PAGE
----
"In 2018, Cosworth turns 60. In celebration, Influx was granted behind-the-scenes access at the company’s engineering base in Northampton, England, to meet some of the men and women who make Cosworth what it is today – and what it will be tomorrow. "
The Future: Cosworth here, Cosworth now
Cosworth recently teamed up with Gordon Murray Automotive to develop a naturally aspirated, 3.9-litre V12 engine to power the GMA T.50 supercar, which will be the first ever GMA vehicle ever to go into production.
In case you didn’t know, Gordon Murray was the South African-born British designer who developed the fetish object that is the McLaren F1.There can’t be many other cars in the history of the supercar creed whose latest manifestation has been as vaunted. But when Cosworth collaborates with this man – we might be seeing something close to the real deal – a new McLaren F1. And the original F1 came with a BMW powerplant. Not very ‘F1’ that, was it? The question that obviously has hung in the air in the decades since the original F1’s launch is as follows: what if we could make an F1 with a Cosworth engine? Talk about F1 heritage manifesting in a production car. We doubt that DNA could be trumped.
According to the Cosworth press folks, what the firm delivered was the highest-revving and most responsive naturally aspirated engine ever fitted to a production road car – and the firm was rather vocal about wanting to rewrite the supercar rulebook, a claim many have made but few have executed. Press sources said that the T.50 “would be the purest, lightest, most driver-focused supercar ever built – a spiritual successor to the iconic McLaren F1 and made to the same exacting standard.”
The list of technical highlights listed by GMA and Cosworth is long. Like the McLaren F1, the T.50 has a naturally aspirated V-12 Cosworth engine mounted behind the cabin, a six-speed manual gearbox, and a central driving position flanked by two passenger seats, reached through gullwing-opening doors.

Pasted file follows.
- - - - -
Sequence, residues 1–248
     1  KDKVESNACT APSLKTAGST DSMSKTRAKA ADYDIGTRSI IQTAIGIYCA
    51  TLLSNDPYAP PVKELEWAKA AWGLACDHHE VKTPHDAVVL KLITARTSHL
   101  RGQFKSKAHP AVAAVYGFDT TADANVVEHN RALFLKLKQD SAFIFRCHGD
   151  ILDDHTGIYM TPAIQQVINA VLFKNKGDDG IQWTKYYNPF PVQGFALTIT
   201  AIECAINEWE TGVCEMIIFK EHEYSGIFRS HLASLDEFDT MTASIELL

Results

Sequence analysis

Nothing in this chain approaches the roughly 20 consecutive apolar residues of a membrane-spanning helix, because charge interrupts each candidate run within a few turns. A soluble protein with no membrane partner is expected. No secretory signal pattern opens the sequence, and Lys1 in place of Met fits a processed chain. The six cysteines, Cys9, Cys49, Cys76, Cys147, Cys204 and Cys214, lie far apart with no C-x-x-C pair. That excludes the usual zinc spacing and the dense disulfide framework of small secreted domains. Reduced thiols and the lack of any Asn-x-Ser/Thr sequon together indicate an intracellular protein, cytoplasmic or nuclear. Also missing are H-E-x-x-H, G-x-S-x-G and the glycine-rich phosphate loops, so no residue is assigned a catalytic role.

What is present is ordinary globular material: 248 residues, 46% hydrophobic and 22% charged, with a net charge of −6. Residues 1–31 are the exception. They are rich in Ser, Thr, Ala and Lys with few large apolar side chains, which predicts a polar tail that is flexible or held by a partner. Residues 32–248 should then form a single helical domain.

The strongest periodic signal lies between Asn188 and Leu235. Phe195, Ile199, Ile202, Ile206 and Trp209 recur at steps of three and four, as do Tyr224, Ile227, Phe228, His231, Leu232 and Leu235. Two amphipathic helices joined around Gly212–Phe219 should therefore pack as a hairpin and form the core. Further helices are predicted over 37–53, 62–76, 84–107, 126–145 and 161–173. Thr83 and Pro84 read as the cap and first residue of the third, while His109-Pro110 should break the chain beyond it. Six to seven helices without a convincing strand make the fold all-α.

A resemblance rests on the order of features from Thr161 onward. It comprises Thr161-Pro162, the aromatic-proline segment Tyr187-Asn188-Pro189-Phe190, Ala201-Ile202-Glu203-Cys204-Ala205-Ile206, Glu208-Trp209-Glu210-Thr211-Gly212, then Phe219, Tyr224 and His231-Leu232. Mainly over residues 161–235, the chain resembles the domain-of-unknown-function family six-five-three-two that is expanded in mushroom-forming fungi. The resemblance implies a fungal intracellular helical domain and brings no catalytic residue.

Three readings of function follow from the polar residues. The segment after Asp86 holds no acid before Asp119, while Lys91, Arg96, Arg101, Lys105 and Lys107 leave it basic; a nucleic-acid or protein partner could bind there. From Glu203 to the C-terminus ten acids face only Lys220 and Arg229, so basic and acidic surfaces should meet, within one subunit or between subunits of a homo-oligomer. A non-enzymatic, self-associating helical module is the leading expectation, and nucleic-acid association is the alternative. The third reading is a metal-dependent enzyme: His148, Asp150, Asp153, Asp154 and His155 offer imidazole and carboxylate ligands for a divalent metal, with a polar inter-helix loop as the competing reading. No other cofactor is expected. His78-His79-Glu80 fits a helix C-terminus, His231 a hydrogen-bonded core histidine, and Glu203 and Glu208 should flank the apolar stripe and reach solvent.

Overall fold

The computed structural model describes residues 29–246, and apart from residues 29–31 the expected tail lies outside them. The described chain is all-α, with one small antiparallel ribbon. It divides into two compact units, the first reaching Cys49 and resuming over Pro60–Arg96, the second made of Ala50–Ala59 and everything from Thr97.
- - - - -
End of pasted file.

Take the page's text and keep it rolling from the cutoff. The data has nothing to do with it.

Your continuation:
It is claimed to be lighter than a metric tonne. And if that proved to be the case, the T.50 would have a power-to-weight ratio of around 1.5kg per horsepower, – that’s better than the ludicrously vicious McLaren Senna by a factor of over 10 percent.
The heaviest composite component on any car is the engine. And if the GMA was going to come anywhere near its McLaren rivals, it was clear that the powerplant Cosworth would be developing would push the envelope in terms of mass reduction. Along with that it had to have the fastest response time of any engine ever built for the road, replicating the targets set for the illustrious McLaren F1.
This, in short, would be the highest revving production engine in the world with the greatest power-to weight ratio in the history of consumer-facing internal combustion.
According to Cosworth press, GMA’s brief also extended to aesthetics and aural experience. Like the totemic DFV engine, it had to look amazing and sound as good as it looked – and of course had to meet the challenge of Century 21’s exacting emissions regulations.
The end result, if the car manages to flex all that promise, is truly incredible and lives up to Cosworth’s unmatched heritage. The V12 promises 663 PS at 11,500 rpm, with a maximum torque figure of 467Nm produced at 9,000rpm. But to ensure day-to-day driveability, apparently 71% of the engine’s torque will be produced from as low as 2,500rpm.
The engine produces 166PS-per-litre. This is a staggering record. And how does it do this? We can only speculate – but one of the secrets must be in the high strength aluminium alloy used in the block – the lightweight steel technology used for highly stressed elements like the crankshaft – as well as the use of titanium for things like connecting rods, valves and clutch housings. Amazingly – all this means that the whole engine weighs in at just 178 KG – which is significantly less than two of your humble correspondents.
We can’t think of a better way that Cosworth could honour its motorsport heritage than by producing the most powerful and light engines in the history of mechanical engineering. And there’s not a lithium battery in sight.
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